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Lake Winnipeg and Nelson River in Manitoba, Canada

52.3N 97.5W

May 21st, 2013 Category: Climate Change, Lakes, Rivers

Canada – May 20th, 2013

Ice covers the northern part of Lake Winnipeg, in Manitoba, Canada, visible at the center of the bottom edge of this image. The shores of the Hudson Bay are also lined with ice (upper right quadrant), and sediments can be seen spilling from the Nelson River into the bay.

Climate change has the potential to affect the ecology and biology of Lake Winnipeg. Climate-forcing scenarios predict increases in mid-summer temperatures through the 21st century, with even greater increases in mid-winter temperatures, extending the open water season.

Sediments and Phytoplankton Near Volga Delta in Northern Caspian Sea

46.1N 50.9E

May 11th, 2013 Category: Lakes, Rivers, Sediments

Russia – May 10th, 2013

 This image shows the Volga Delta and the northern part of the Caspian Sea, bright green and blue from sediments and phytoplankton. The sedimentation rates and the types of recent deposits in the Northern Caspian Sea are governed mainly by the abundant Volga discharge.

Investigations based on a complex of techniques revealed that the modern deposits in the Northern Caspian Sea involve terrigenous sands and aleurites with an admixture of detritus and intact bivalve shells, including coquina. Generally, these deposits overlay dark grayish viscous clays.

A similar geological situation occurs in the Volga delta; however, the local deposits are much poorer in biogenic constituents. Illite prevails among the clay minerals. The heavy transparent minerals are represented in the coarse aleurite fraction mostly by epidotes, while quartz and feldspars represent the lighter minerals. The sedimentary material in the Volga delta is far from completely differentiated into fractions due to the abundance of terrigenous inflows, which exceed the energy potential of the river (click here for more information).

Lakes, Rivers and Wetlands in Botswana, Zimbabwe and Zambia

17.6S 24.9E

April 27th, 2013 Category: Lakes, Rivers, Wetlands

Botswana, Zimbabwe and Zambia – April 27th, 2013

Multiple lakes and wetland areas can be observed in this image that focuses on Botswana, Zimbabwe and Zambia (counter-clockwise from lower left quadrant). Visible near the center left is the Okavango Delta, an inland delta in Botswana, with the salt flats of the Makgadikgadi Pan to the southeast. In the upper left quadrant is the Barotse Floodplain, in Zambia, while in the upper right quadrant is Lake Kariba, on the Zimbabwe-Zambia border.

The area in the center of the image is the Caprivi Strip, a narrow protrusion of Namibia eastwards from the Okavango Region about 450 km (280 mi), between Botswana to the south, and Angola and Zambia to the north. Caprivi is bordered by the Okavango, Kwando, Chobe and Zambezi rivers.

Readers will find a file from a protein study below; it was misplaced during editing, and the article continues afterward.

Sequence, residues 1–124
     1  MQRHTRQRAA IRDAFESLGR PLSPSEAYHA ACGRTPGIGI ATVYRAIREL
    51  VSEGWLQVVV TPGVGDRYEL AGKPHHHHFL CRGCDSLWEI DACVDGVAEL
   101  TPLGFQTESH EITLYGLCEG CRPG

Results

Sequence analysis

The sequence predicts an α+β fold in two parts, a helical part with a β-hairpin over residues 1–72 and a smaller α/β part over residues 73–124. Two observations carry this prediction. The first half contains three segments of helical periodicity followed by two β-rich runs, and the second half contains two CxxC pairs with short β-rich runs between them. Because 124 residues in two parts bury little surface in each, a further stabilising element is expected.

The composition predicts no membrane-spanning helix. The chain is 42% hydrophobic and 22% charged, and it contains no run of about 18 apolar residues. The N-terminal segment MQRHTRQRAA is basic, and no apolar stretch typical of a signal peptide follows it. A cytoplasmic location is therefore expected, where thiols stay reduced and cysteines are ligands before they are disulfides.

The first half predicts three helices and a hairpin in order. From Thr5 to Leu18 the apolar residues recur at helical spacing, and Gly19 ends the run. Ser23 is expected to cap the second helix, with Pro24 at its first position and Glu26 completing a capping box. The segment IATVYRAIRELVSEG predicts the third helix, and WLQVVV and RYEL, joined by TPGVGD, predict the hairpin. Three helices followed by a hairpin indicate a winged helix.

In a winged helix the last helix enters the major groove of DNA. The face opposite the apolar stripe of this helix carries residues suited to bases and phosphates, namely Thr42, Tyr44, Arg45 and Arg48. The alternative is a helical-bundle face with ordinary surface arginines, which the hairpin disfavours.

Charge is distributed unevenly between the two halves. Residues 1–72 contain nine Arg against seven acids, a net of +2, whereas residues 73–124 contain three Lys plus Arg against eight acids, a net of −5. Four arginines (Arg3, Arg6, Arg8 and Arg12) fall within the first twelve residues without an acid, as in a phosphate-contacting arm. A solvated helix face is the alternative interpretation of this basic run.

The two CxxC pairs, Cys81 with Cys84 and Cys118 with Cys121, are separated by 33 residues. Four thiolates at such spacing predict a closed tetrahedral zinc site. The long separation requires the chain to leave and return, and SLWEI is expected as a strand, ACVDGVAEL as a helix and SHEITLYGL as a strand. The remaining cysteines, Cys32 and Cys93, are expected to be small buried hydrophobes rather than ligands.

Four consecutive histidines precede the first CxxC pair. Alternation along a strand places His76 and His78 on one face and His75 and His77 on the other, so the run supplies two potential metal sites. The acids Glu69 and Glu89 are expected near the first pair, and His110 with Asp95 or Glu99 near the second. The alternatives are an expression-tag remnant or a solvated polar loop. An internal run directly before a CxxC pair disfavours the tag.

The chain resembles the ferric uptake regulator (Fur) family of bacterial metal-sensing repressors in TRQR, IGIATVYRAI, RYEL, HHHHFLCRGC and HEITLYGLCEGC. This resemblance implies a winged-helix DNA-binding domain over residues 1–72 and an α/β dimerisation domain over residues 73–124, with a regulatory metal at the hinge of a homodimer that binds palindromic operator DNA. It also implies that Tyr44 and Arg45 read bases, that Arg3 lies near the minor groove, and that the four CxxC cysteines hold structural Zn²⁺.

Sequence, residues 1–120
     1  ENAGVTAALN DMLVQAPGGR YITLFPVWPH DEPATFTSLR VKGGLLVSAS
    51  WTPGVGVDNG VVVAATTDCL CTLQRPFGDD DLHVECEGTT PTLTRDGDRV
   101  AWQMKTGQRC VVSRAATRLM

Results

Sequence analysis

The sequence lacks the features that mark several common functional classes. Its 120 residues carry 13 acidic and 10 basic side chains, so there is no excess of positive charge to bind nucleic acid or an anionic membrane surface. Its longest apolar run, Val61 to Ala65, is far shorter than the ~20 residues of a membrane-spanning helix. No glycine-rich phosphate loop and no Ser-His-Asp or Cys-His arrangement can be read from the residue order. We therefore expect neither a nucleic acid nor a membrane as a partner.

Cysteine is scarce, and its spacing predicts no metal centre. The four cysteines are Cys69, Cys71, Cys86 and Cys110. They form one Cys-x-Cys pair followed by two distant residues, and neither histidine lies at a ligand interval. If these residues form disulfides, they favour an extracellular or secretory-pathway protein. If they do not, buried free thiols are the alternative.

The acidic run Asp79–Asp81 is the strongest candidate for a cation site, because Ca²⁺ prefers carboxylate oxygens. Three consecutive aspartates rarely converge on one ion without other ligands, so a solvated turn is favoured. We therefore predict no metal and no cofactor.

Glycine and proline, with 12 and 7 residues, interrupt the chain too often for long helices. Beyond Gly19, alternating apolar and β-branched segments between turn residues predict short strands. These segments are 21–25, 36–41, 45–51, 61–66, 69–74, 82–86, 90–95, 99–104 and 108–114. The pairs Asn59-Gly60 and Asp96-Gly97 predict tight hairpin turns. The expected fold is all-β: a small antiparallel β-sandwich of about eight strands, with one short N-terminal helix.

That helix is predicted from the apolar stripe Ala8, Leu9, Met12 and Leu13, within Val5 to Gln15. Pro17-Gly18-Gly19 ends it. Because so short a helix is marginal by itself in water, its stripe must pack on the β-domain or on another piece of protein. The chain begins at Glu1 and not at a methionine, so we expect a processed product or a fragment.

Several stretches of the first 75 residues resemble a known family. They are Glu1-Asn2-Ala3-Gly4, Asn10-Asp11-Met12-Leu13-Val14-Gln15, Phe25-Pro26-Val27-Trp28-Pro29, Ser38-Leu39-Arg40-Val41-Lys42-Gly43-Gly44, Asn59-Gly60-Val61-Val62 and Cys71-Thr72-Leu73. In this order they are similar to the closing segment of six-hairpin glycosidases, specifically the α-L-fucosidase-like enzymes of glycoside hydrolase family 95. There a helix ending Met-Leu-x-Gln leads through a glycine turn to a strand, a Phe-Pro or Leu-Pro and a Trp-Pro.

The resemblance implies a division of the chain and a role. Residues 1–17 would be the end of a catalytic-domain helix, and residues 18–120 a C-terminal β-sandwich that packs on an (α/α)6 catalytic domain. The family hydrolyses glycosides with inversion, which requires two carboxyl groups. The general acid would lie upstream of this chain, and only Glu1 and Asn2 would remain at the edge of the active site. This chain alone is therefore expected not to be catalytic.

Lake Ihotry and Mangoky River Delta, Madagascar

21.9S 43.6E

April 26th, 2013 Category: Lakes, Rivers

Madagascar – April 26th, 2013

Visible near the western shores of Madagascar is the green Lake Ihotry, a closed saline lake in semi-arid southwestern part of Madagascar. Its area varies seasonally, from 96 km² to 112 km², as does its salinity. Between the lake and the coast is a rather large, whitish area of sand interspersed with silt-laden ponds.

Visible north of the lake is the mouth of the Mangoky River, through which sediments can be seen pouring into the Mozambique Channel. The river is 564 kilometers (350 mi) long, rising in the Central Highlands and flowing generally in a westerly direction out of them, crossing the southern extension of the Bemaraha Plateau, until it reaches the coastal plain and its delta.

Most of Madagascar has undergone serious deforestation during the last 40 years, chiefly from slash-and-burn practises by indigenous peoples. This loss of forest has led to extreme soil erosion in the Mangoky River basin, as evidenced by the many sandbars located within the river channel.

The southern portion of the Ihotry delta is dominated by successive barrier island and spit formation. In contrast, the northern, protected portion of the delta is dominated by tidal passes and mangrove swamps.

Climate Change’s Potential Effects on Lake Ontario and Saint Lawrence River, Canada and USA

43.6N 78.1W

April 7th, 2013 Category: Climate Change, Lakes, Rivers

USA and Canada – April 6th, 2013

Snow dusts the landscape of part of the northeastern USA and Canada, framing the shores of the Saint Lawrence River. The river traverses the Canadian provinces of Quebec and Ontario and forms part of the international boundary between Ontario and New York in the United States. It is the primary drainage conveyor of the Great Lakes Basin, and in this image can be seen connected to Lake Ontario.

In the opinion of some experts, a temperature increase of 2 to 4°C could lower the average flow from Lake Ontario by 24%. Lake Ontario is the major source for the St. Lawrence River, and a decrease in flow of this magnitude could result in a 1-metre drop in water levels in some areas of the St. Lawrence.

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